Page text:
May 23, 2010
The Gray Sisters by Craig Wright (The Pavillion, Orange Flower Water) is the latest (least?) offering from Third Rail Repertory Theatre. Commissioned specifically for the female members of the company (Stephanie Gaslin, Maureen Porter, Valerie Stevens, and Gretchen Corbett), the play is a spare 90 minutes consisting of 4 one-sided “dialogues” in which each of the Gray Sisters, in her turn, talks to an unseen, unheard character, while the other sisters sit in the dark in silence. It might be an interesting acting excercise, but it isn’t a very interesting play. That the four women are all defined by the men in their lives doesn’t help, nor does the tired abuse angle. Nothing much rings true in the script, but the four actresses give it their all.
The first “dialogue” has Gaslin playing the youngest of the sisters. She’s in a car with her father (though her air-guitar playing and general physicality don’t give much sense of the confined space) and talks at length about the significance of the Indigo Girls and her misadventures in love with an Italian grad student, and sets up the rest of the play by questioning her father about his relationship with one of her sisters. It’s all a bit obvious and ridiculous at the same time given we’re not privy to the father’s side of the “dialogue”. Yes, I can imagine what he’s saying and how he might be reacting, just as Gaslin is forced to do, but for my money, the whole point of acting is reacting, and without anyone to play off of, there aren’t many real moments to be had. And Gaslin seems too old, and her interpretation too knowing, to make the character plausible.
Leaping ahead in time, next up is Maureen Porter as Pam, the lesbian sister. The invisible father from the first scene, Pam’s step-father, has recently committed suicide (remember, the youngest daughter questioned him about his relationship with one of her sisters – guilty), and Pam, doing yoga (why?) confronts her mother, who is packing to move into a retirement home, with the truth about her dead husband’s abuse. Pam screams expletives at her mother throughout and finally tells her mother that she wants her to kill herself too, because that would make things better for her, Pam. Really? Do nominally sane people actually express themselves this way? And do their nominally sane mothers stand for it? Not having the mother present to respond, we’re left to wonder why this woman who just lost her husband to suicide would allow this onslaught to continue at length and end with no recrimination. Porter is a gifted actress, but she can’t make this fly. Her emotional ferocity is impressive, but again, it’s acting in a vacuum. Who cares? And truth be told, she’s miscast. The expletive laden dialogue she’s been given doesn’t suit her, it feels forced (she and Corbett should have switched roles). She’s not an actress given to rough edges, and this “character” demands them. But then, it really isn’t a character at all – none of them are. They’re merely ideas, the contrivances of a lazy playwright.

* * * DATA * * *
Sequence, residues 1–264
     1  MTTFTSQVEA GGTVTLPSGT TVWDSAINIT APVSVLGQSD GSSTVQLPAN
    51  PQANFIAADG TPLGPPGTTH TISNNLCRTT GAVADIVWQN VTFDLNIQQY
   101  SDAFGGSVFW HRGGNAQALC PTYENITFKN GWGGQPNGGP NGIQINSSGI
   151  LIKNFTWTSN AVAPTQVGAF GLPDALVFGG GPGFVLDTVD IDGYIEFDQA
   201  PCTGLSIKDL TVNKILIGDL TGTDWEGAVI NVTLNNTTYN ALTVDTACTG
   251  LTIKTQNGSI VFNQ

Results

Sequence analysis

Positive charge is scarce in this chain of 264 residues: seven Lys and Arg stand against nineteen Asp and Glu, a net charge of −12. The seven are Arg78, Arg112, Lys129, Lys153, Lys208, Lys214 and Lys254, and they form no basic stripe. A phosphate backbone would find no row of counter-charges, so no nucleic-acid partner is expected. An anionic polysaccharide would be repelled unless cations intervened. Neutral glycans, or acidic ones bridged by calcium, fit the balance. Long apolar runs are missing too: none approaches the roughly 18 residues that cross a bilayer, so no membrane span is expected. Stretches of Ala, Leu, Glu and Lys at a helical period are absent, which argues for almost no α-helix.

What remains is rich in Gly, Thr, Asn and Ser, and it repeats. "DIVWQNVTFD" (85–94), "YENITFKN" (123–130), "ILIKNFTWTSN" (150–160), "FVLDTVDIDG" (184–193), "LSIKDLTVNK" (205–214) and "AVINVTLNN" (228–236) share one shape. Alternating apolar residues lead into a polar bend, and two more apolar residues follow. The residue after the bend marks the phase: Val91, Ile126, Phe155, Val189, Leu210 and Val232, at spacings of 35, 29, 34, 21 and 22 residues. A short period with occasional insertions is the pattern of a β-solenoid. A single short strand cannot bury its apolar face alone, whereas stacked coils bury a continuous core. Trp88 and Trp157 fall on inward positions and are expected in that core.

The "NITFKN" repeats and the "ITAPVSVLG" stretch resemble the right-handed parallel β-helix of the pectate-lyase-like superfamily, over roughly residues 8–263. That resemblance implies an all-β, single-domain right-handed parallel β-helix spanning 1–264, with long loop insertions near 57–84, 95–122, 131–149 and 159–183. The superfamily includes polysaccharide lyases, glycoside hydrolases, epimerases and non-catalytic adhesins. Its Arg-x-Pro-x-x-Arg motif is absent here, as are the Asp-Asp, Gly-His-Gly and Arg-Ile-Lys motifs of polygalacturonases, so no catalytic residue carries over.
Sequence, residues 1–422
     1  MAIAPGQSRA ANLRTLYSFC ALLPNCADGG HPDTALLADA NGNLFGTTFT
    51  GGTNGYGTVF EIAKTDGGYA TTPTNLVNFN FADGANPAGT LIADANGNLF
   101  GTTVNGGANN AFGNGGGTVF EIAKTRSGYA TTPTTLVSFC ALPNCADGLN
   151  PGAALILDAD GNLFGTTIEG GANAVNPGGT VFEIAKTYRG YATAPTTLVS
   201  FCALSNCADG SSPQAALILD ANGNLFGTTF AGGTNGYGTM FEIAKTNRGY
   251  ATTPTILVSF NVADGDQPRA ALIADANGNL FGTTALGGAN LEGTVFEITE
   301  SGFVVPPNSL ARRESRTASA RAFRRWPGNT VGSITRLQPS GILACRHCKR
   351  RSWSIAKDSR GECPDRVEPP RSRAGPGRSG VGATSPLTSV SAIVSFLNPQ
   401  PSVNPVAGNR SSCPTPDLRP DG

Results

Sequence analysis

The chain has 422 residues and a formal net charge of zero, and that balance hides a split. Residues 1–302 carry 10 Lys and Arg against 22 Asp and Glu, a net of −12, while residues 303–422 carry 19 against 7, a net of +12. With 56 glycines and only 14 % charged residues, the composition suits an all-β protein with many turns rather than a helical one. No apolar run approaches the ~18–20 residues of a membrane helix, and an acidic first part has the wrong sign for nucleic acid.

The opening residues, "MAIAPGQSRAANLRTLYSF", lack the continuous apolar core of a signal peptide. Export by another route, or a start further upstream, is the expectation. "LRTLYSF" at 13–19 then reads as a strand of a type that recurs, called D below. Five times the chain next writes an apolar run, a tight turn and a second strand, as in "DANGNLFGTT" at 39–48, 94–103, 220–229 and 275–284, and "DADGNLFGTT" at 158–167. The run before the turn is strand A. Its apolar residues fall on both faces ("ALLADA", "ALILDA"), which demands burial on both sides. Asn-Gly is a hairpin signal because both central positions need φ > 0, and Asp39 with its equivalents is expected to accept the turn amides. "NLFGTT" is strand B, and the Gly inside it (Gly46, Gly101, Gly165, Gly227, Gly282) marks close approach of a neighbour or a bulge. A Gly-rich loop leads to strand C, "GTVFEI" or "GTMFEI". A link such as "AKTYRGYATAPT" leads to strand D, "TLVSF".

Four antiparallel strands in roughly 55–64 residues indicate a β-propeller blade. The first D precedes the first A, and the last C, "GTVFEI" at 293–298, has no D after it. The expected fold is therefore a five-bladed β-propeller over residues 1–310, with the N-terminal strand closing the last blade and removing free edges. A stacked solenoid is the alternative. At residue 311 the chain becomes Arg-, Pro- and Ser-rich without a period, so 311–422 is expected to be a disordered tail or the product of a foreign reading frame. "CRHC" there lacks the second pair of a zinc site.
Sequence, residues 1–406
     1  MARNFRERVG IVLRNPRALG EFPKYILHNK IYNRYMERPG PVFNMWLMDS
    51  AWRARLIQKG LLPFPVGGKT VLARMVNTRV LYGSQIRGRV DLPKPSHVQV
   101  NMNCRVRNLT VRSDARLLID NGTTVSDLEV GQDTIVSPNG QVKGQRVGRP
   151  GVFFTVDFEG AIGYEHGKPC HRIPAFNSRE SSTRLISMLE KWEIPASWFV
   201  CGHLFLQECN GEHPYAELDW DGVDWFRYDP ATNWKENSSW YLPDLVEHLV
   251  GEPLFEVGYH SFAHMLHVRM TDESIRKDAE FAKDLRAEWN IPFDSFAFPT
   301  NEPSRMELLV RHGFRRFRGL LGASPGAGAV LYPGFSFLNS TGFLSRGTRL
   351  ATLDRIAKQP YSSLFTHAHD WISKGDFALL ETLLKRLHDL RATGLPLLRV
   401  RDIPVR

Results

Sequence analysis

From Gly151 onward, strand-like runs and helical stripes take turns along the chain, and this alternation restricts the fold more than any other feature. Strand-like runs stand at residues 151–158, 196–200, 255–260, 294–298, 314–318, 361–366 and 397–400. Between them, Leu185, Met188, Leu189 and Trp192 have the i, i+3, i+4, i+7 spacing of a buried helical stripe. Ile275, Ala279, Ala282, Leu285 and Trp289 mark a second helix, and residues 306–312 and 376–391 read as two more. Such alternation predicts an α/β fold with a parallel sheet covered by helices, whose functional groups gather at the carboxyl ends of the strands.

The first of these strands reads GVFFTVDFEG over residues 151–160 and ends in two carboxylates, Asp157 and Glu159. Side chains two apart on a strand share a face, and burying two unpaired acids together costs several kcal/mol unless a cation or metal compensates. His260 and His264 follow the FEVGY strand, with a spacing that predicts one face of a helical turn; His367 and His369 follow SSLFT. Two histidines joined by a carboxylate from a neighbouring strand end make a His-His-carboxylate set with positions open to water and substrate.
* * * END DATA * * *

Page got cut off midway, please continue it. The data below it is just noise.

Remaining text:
Valerie Stevens, as the abused sister, Anya, is up next. In the previous scene we learned that Anya is married to an abusive, demeaning husband who denounces and ridicules her in front of their children and badgers and harasses her even when she’s on the phone. Yet when he’s got one foot out the door, leaving her for another woman, he stops and listens to her whine on and on about how she’s tried so hard to make it work and how she still loves him and how it’s wrong of him not let her change – it’s her right to change. All thoroughly unbelievable, yet Stevens is mesmerizing. I hate this play, but I love this actress. She’s heartbreaking and fearless. I just wish she’d been given material worthy of her talent.
Gretchen Corbett closes the show by talking to her father’s grave (NOT her sister-abusing stepfather’s grave), and reacting as if he is actually talking back to her. Crazy? Maybe, she’s lives in NYC after all (though you wouldn’t know it from what she’s wearing – very Portland, NOT very NYC) For some reason, the three other sisters are now in a clump, lit and watching her. Why? Where are we exactly? Why are they suddenly present, yet not in the scene? And why all the gray carpeting, gray benches and gray flats? It looks like the lobby of an office building. Or does everything have to be gray because it’s called The Gray Sisters? There’s no specificity to anything, not to the direction, not to the characters, or costumes, set or soundtrack – it’s all a gray wash. I understand elegiac, but this is opacity, and clichéd at that.
Truth be told, if I were one of the female members of this company I would be pissed. The guys got to do Mamet’s iconic American Buffalo on a soaring, eye-filling set, and the women get to reinforce negative female stereotypes on a cold blank stage. There was a recent NY Times article bemoaning the dearth of quality female roles on Broadway this year while an abundance of powerful, fully realized, show-stopping male roles overwhelmed the Great White Way. Good to know Third Rail is doing their part to keep that trend alive.